This thought led to moments when I tricked myself into believing that Dom Brown could be an amazing baseball player.

That, uh, didn’t pan out.

Fast forward a few years, and you’ll find a lot of good reasons to hope for Aaron Nola, Césár Hernandez, Odubel Herrera, or Maikel Franco, but its definitely not my place to make projections on any player’s career.

I’m here mainly to tell you why the Phillies Home Opener is awesome.

My dad tells me the same joke every year when we go to Opening Day. Him, my brother, and I have been to something like 22 Phillies home openers together, so I’ve heard this joke a ton of times.

“Why couldn’t the Phillies drink any beer?”

“Why?”

“Because they lost the opener!”

This joke is horrible and perfect. It applies even if the Phillies win. You just adjust it in some ridiculous way, like:

“If the Phillies had lost, why couldn’t they have drunk any beer?”

I will accept this mangled sentence as the beginning of a joke because I need to hear this every year, and sometimes they win.

There’s another great thing that happens during the first home game, something which (I believe) hasn’t happened for the last two years because of the weather.

The U.S. Navy ‘Leap Frog’ team jumps out of an airplane, and parachutes onto the field to deliver the game ball to the umpire. Literally, a bunch of guys jump out of jet into a baseball stadium.

Look, I know dozens of baseballs are used over the course of a game, but when the opening synth chords to Van Halen’s “Jump” play over the stadium speakers, you just don’t care. That is the game ball. That is the only baseball that anybody will ever play with.

The Phillies players have also done some cool things over the years. Sometimes the whole team goes through the crowd and climbs down a makeshift staircase in center field, for example. They usually sign a ton of autographs on the first- and third-base lines, and there’s always some montage of the previous season’s most exciting moments on the Jumbotron.

Then there’s the first time in a season you get to hear the players announced. When I was a kid I loved this. My favorite player was Mickey Morandini, strictly because I like the sound of his name when Phillies PA Announcer Dan Baker said it.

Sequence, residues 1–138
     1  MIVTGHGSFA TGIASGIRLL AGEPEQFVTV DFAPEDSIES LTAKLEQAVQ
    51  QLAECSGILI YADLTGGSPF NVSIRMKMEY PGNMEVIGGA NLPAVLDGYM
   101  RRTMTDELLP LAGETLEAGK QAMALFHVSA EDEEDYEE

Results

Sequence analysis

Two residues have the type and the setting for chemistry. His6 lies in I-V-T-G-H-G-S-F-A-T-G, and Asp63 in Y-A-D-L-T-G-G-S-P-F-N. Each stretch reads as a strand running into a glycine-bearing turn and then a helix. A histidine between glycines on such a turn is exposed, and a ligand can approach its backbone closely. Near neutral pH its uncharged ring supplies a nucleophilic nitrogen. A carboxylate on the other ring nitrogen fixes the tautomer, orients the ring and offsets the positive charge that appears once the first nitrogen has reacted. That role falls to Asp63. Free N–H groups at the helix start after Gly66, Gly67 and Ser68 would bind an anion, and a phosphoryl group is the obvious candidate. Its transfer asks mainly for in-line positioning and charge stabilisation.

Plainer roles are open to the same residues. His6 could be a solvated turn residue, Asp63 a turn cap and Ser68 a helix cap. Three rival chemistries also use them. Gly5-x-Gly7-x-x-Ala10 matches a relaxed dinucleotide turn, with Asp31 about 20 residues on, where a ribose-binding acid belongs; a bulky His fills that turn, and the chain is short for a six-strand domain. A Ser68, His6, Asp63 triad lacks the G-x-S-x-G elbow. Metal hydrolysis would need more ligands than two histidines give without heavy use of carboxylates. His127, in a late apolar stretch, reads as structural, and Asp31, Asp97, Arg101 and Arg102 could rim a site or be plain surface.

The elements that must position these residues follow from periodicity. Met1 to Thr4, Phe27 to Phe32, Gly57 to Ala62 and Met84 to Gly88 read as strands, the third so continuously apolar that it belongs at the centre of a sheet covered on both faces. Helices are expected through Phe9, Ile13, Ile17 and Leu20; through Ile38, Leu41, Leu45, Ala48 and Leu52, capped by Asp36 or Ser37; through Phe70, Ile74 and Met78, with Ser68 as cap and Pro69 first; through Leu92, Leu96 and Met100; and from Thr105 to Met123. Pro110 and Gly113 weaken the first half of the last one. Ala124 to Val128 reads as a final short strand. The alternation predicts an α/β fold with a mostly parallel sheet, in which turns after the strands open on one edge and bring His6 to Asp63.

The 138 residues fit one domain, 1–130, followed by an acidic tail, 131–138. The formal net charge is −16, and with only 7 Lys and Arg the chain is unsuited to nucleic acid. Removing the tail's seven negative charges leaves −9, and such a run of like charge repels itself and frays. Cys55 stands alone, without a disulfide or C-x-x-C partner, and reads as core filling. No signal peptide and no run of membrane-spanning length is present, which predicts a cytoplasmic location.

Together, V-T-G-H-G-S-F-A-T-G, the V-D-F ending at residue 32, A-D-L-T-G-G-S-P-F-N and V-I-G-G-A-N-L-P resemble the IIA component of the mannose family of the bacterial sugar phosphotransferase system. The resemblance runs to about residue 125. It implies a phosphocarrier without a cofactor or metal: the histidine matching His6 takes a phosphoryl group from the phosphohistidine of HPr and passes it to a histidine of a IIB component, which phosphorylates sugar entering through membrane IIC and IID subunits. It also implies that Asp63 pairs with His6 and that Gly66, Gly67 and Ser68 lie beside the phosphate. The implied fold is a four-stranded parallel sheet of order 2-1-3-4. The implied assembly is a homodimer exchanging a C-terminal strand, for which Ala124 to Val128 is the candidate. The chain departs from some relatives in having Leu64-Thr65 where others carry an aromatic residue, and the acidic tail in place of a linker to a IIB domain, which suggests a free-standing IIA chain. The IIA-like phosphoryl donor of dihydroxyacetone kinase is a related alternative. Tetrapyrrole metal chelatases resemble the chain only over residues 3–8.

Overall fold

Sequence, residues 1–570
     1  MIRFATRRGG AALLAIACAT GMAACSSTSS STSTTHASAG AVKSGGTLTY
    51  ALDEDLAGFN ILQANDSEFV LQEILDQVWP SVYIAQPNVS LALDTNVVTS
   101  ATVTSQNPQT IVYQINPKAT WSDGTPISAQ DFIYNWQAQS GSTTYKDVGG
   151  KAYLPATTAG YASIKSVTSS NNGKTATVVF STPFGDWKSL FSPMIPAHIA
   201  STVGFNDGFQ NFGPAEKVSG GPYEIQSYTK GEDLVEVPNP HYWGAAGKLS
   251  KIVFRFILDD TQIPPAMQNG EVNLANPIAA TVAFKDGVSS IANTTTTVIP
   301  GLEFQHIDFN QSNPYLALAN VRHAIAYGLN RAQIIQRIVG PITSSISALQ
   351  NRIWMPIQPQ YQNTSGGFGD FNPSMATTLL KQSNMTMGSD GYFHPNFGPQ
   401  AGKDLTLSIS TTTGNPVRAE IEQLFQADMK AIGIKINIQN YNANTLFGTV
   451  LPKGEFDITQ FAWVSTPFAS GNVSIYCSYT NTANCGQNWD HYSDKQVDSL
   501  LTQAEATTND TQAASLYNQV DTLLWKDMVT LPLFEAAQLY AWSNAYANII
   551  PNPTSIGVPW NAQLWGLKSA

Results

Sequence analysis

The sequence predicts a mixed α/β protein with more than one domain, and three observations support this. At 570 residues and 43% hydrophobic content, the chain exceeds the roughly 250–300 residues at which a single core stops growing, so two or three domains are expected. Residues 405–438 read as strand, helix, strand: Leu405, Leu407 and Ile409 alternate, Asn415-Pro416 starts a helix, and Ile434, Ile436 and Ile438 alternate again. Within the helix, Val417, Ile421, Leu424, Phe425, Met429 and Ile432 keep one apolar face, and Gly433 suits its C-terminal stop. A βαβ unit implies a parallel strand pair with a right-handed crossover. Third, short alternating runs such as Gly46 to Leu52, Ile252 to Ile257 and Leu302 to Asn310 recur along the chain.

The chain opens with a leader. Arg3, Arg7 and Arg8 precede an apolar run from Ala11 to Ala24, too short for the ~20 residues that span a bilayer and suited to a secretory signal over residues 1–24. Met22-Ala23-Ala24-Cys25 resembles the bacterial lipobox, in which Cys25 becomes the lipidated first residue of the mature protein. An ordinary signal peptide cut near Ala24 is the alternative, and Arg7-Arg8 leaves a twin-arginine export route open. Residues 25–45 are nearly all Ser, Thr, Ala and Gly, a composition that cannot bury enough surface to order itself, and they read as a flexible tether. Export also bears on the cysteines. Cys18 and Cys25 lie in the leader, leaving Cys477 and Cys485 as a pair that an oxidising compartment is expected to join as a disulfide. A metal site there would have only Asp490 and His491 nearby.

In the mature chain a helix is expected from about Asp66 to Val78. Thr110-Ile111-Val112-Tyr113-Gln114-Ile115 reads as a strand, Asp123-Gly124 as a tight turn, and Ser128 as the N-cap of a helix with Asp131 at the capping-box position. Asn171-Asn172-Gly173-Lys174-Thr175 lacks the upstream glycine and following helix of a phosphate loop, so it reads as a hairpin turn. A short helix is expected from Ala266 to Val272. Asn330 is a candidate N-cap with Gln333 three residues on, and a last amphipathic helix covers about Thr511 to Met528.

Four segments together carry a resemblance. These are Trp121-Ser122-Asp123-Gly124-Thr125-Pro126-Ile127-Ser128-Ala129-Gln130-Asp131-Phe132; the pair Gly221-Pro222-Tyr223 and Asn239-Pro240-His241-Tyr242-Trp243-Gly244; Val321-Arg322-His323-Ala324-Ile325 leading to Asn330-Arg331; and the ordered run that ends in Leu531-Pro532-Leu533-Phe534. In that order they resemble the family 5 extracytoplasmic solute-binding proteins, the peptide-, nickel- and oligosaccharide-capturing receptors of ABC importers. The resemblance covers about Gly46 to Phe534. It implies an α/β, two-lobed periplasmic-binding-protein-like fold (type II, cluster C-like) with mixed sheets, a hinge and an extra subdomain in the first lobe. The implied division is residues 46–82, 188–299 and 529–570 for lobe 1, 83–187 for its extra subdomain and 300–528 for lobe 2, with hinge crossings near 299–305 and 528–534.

Only, it feels like a few players are missing this season.

I don’t mean to sound pessimistic.

But, the Phillies are projected by almost everybody to lose more games than they win this season. The playoffs are probably a pipe dream. Baseball is hard to watch when your team gets pummeled most of the time.

That’s not the point, or at least, it shouldn’t be.

Each new season brings with it the hope that we can cull together our next round of gamers.

We’re going to look for flashes from guys who might one day step to the plate in a Game 7 ninth inning when we’re down a run. We might look at Aaron Nola and think, “Can that dude carry us through two games of a playoff series?”

We have the luxury of thinking that way, because we’ve been there.

Let’s put this in perspective: The Mariners haven’t been to the playoffs in 15 seasons. The Marlins haven’t made it since winning the World Series in 2003.

The Phillies haven’t been to the playoffs since 2011, but there’s a path in place to getting back there.

Through three games, it’s hard to say anything profound about the on-field play, but we can speculate. Outpace projections for this season and get close, and who knows, maybe next season they make the jump to the playoffs.

Even that might be a slim chance, but that’s the beauty of a new season at Citizen’s Bank Ballpark. The records always reset. The box scores always start blank. The season is long as hell.

Opening Day is a reminder that the Phillies can get back there, even if it takes some time.